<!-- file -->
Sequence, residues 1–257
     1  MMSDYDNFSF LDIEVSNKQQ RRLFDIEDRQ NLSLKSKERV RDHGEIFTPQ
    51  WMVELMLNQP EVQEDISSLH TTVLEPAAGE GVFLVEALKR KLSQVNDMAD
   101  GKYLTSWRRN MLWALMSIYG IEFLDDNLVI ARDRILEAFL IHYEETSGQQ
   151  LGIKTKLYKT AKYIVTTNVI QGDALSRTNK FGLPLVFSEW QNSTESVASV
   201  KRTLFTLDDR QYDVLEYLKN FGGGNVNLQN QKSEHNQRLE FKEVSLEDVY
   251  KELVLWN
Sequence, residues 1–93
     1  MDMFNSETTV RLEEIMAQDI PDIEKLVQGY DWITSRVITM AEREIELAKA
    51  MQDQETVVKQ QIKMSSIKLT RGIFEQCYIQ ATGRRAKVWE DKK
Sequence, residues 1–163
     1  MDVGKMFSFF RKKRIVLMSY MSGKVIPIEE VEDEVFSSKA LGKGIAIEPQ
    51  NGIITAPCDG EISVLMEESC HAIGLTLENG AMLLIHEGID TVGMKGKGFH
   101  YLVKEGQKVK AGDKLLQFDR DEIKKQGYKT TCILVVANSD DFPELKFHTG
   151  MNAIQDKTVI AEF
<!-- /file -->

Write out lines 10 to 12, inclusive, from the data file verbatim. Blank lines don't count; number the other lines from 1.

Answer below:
    51  MQDQETVVKQ QIKMSSIKLT RGIFEQCYIQ ATGRRAKVWE DKK
Sequence, residues 1–163
     1  MDVGKMFSFF RKKRIVLMSY MSGKVIPIEE VEDEVFSSKA LGKGIAIEPQ